June 2011 - Galaxy of the Month
Image Courtesy of Dietmar Hager - Linz, Austria. Click on image for a larger version. For more images from Dietmar please visit his website.
The summer is perhaps not the best known season for galaxies but even in constellations better known for nebulae and clusters there are still some bright examples. NGC 6946 on the Cygnus /Cepheus border, better known as the Firecracker galaxy from the number of supernovae that have appeared in it, is one of these.
First discovered by William Herschel in 1798, NGC 6946 is a face on spiral, not dissimilar to M101, which I think would be better known if it was not suffering 1.6 magnitudes of extinction from within our own galaxy. Once believed to be a member of our local group NGC 6946 is now thought to be at a distance of 6.5 Mpc (20 million light years) and as such outside the gravitational radius of the local group. There does appear however to be quite a spread in the distance measurements with a number of sources suggesting it may be as close as 10 million light years (3 Mpc).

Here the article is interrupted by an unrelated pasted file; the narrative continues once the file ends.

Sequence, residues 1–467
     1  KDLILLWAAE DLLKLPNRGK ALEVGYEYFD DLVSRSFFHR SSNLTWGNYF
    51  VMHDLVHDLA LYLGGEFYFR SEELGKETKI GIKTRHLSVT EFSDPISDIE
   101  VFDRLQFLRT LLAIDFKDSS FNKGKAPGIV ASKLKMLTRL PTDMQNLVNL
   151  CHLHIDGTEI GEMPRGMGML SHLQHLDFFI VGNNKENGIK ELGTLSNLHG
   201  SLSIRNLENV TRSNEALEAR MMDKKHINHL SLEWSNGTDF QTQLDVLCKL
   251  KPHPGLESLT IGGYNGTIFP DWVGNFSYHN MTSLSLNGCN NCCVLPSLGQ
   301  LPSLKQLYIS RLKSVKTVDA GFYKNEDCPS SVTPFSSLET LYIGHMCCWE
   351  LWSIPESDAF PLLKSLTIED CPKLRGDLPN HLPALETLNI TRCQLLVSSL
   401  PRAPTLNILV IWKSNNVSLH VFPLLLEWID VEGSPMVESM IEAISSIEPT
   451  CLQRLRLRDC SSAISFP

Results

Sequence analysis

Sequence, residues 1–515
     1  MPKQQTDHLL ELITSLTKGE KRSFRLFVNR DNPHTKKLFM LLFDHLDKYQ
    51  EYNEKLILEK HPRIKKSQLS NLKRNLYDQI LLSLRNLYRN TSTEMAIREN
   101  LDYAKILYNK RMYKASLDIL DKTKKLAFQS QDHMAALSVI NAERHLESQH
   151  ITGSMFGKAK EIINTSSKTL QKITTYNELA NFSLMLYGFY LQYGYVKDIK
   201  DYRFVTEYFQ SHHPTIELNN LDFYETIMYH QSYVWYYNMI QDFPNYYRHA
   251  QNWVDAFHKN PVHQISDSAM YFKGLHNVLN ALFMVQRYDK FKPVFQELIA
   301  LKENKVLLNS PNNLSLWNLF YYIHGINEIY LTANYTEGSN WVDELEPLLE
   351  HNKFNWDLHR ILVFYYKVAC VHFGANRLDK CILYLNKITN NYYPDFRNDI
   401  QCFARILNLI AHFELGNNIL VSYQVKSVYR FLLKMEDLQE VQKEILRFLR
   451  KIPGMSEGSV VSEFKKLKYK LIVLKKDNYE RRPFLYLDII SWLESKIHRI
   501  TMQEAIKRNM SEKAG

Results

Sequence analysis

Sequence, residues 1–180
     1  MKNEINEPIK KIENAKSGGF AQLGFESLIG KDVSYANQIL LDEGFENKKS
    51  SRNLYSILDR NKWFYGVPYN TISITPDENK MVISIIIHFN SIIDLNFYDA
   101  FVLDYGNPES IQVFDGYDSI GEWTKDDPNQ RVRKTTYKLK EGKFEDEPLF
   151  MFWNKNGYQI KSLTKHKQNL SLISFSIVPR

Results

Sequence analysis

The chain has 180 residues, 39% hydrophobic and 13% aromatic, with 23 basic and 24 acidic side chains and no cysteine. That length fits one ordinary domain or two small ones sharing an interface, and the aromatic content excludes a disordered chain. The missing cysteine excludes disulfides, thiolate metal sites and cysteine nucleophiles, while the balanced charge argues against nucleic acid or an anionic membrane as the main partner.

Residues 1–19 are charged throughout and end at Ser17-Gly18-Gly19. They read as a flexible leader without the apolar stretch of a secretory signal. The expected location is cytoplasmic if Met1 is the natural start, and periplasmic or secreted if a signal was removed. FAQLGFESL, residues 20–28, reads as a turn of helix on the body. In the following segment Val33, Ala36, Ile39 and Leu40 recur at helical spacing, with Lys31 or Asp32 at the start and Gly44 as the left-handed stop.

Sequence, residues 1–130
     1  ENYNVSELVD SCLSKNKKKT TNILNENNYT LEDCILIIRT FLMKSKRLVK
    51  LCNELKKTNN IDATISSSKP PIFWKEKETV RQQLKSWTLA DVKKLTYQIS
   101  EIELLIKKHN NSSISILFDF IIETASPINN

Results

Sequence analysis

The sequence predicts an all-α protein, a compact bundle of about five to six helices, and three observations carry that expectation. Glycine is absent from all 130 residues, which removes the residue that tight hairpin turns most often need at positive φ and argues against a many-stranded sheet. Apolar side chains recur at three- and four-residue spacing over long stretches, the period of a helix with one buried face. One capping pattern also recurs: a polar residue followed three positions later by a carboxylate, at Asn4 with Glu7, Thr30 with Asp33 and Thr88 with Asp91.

NGC 6946 appears to be undergoing a burst of star formation which is unusual in isolated galaxies because these are often triggered by interactions with other galaxies. As far as we can tell NGC 6946 does not appear to be associated with any other galaxy groups. This burst of star formation is probably also the reason that 6 supernovae have been seen in NGC 6946 over the last 100 years or so. NGC 6543 also contains a nuclear star burst which recent observations suggest may well be associated with the formation of a bar in the core of the galaxy.
The morphological classification of NGC 6946 is SAB (rs)cd, relating to its barred spiral nature The magnitude of the galaxy varies with waveband and a blue magnitude of 9.6 is listed in NED. Various sources however give NGC 6946 a visual magnitude of around 8.9. Despite this bright integrated magnitude NGC 6946 has a very low surface brightness due to its size (11.6’ x 9.8’) and it will be likely that a 22cm scope will be required to show any details of the spiral arms at all. Smaller aperture telescopes will show a faint haze and the core. Indeed it does look like a faint globular cluster. Larger instruments should be able to pick out the spiral arms and some of the HII regions that line them. The included finder chart shows some of these regions. A low power field may also show the cluster NGC 6939 to the North west and observers with large telescopes may be able to pick out the edge on galaxy UGC 11583 nearby as well.
Owen Brazell - Galaxy Section Director